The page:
Bob Ford: Sixers back to culture change with Evan Turner pick

Posted: June 25, 2010

The last time the 76ers talked this much about "changing the culture" of the organization, the general manager was Billy King and he was trying to figure out how to deal with the messy end of the Allen Iverson era in Philadelphia.

That broom finally swept through the roster - although, unfortunately for King, not quickly enough to keep it from sweeping through the front office as well.

Here we are, several years later, and the culture has to be changed again, apparently, like a dirty crankcase that keeps putting out a lot of smoke but not much power.

What has been learned this off-season, since King's successor, Ed Stefanski, fired coach Eddie Jordan and brought in hyper-passionate Doug Collins, is that the organization didn't think much of the team's toughness or discipline last season.

This is a difficult balancing act, of course, for Stefanski, whose selection of Jordan helped create the culture - but at least he has been acting quickly to set it right.

Hiring Collins was the loudest part of the new mission statement, but there was nothing subtle about the trade of Sam Dalembert, either. Dalembert has his talents, but he also devolved into a sulking presence. The trade was an object lesson for the rest of the roster to ponder.

The team made its third statement Thursday night with the selection of Ohio State shooting guard Evan Turner. This time, the meaning was also clear. The Sixers aren't into drafting projects and they aren't into taking chances. There is work ahead, and it is going to be serious work.

They didn't fool around with the second pick in the draft, taking the best player available, and it didn't hurt that he comes with a competitive reputation that - you guessed it - will help with that culture thing.

"He's such a competitive player and he can play multiple positions," Collins said. "When we worked him out, almost from the first minute we knew he was who we were going to take."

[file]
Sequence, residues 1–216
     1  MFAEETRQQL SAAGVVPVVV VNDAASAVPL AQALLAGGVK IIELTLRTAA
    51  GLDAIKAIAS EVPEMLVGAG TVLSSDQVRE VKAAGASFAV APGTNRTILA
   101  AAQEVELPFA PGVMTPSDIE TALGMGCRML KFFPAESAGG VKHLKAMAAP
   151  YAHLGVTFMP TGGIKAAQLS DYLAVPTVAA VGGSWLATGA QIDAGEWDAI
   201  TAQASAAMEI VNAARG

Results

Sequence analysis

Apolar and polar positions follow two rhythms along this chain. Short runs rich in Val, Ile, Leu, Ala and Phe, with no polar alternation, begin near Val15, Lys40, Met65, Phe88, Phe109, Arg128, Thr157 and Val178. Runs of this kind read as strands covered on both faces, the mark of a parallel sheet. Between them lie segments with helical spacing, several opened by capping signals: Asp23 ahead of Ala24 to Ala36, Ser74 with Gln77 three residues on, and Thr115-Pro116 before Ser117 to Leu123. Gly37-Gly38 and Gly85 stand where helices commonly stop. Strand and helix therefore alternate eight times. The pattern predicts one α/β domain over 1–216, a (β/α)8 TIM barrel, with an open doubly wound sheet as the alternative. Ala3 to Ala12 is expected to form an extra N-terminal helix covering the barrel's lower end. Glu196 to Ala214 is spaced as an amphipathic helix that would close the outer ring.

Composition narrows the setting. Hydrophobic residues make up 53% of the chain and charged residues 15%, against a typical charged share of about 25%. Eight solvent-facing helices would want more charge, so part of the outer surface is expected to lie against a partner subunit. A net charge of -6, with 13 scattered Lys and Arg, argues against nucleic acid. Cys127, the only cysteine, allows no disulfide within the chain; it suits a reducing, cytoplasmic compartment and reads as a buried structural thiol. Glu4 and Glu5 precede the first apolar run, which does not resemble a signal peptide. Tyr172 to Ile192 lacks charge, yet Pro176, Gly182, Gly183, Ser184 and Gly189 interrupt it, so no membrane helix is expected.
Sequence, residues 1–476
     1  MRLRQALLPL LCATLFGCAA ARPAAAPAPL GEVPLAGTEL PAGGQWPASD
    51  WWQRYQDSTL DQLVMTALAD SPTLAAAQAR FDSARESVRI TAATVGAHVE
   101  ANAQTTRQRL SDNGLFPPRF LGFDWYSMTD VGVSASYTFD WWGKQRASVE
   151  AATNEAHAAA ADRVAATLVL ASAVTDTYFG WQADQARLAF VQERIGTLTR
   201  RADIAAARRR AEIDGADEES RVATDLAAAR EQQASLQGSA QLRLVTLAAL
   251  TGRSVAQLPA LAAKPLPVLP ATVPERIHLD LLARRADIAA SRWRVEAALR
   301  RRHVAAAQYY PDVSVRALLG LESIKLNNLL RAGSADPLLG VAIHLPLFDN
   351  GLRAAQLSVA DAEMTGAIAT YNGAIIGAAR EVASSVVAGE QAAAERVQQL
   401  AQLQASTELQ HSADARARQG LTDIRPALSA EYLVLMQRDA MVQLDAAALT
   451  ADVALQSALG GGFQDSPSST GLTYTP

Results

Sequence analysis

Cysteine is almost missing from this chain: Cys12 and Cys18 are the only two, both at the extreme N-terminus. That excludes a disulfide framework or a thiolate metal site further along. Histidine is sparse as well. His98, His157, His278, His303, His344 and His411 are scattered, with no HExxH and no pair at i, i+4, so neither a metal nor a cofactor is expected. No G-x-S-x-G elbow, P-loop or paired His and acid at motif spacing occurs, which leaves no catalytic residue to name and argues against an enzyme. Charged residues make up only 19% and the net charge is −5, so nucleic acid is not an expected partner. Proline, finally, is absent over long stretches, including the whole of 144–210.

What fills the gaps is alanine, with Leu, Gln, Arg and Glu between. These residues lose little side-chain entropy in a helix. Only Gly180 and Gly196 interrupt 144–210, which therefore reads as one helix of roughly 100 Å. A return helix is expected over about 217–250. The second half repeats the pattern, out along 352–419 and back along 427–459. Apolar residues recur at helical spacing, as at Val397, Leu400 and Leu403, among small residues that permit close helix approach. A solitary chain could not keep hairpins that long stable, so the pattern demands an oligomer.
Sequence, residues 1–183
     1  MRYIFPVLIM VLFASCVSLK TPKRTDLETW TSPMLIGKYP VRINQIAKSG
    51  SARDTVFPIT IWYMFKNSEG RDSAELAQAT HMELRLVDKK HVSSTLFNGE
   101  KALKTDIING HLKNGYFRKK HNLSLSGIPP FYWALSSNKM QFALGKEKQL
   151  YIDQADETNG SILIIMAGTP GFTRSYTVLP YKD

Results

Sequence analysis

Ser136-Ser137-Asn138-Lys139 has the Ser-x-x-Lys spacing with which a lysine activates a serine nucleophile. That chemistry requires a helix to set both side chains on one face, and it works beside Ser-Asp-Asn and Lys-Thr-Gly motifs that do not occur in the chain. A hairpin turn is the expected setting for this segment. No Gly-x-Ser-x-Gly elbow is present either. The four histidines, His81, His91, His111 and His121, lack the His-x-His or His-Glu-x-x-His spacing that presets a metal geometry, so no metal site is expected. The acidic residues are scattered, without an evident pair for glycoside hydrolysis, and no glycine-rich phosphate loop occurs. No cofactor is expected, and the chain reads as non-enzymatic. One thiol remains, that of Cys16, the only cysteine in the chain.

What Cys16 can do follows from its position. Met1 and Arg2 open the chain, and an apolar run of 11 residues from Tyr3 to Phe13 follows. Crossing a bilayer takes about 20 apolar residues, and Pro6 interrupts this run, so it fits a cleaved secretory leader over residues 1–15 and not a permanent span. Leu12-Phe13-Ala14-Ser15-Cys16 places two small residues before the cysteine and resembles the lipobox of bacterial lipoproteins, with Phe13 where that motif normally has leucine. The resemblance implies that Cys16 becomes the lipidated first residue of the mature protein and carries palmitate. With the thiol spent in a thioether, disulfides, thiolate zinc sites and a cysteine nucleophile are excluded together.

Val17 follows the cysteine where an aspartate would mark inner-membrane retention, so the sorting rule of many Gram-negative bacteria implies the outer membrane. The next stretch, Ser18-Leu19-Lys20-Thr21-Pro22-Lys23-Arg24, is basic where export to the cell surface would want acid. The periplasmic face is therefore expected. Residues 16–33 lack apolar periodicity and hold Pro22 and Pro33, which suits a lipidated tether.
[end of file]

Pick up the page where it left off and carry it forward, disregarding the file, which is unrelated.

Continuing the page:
Stefanski, who had to accept much of the blame as the team fell to 27 wins last season, probably isn't in position to take that many chances. He doesn't have as many fouls to give as he did before the unfortunate decision with Jordan.

"We would have taken a project if we felt that was the best player available," Stefanski said. "But at the number-two spot, we had to take the best player, and there's no doubt, this is the best player. This guy brings the total package. He's a tough-minded kid, and that's important for this team as we're changing the culture."

There it is again.

The new culture of the Sixers, at least as Collins sees it, is that he is going to take all these interchangeable parts and find a way to make them play hard together.

With Turner, the Sixers have added another wing player, not that much different in size or presence from several other players on the roster. Collins said Turner can play point guard and small forward in addition to his natural shooting-guard position, and he envisioned an offensive system in which the floor is wide open and the team's athleticism is allowed to flourish.

"The game has become an international game where you spread the floor and have pick-and-rolls from all angles," Collins said. "You want to be able to drive and attack and not call so many plays, because you're scouted so much they know all your options."

Hold on a minute. A read-and-react motion offense in which the emphasis is on players who can play a total game, not pegs that fit snugly into the strict holes of their positions? Didn't we just try that?

Maybe, but that was with a different culture, and a different hammer trying to drive the pegs into position.

"One thing I feel I do best is find ways to bring out the best in my guys," Collins said. "I want to make the game easier for the players."

Of course, it's amazing how much easier the game is for players with the talent to play it. Turner, who can handle the ball extremely well and get to the basket on command, is one of those guys. Collins wants him to cut down on turnovers, develop a more reliable jump shot, and learn to work without the ball in his hands.

He has a list like that for every one of the players, and the playing time will be apportioned according to how well they check off the items on their personal to-do lists.

And how well they fit into the new culture.

"People who see how I work and see how I play know that I care about winning and care about the game," Turner said. "I know there's other players there that care about winning and care about the game. Things will turn around slowly."

It all sounded great, except for the "slowly" part. Cultures aren't changed overnight, however. That takes time and patience, not to mention good players. The Sixers have one more of those now.

Contact columnist Bob Ford at 215-854-5842 or Read his recent work at

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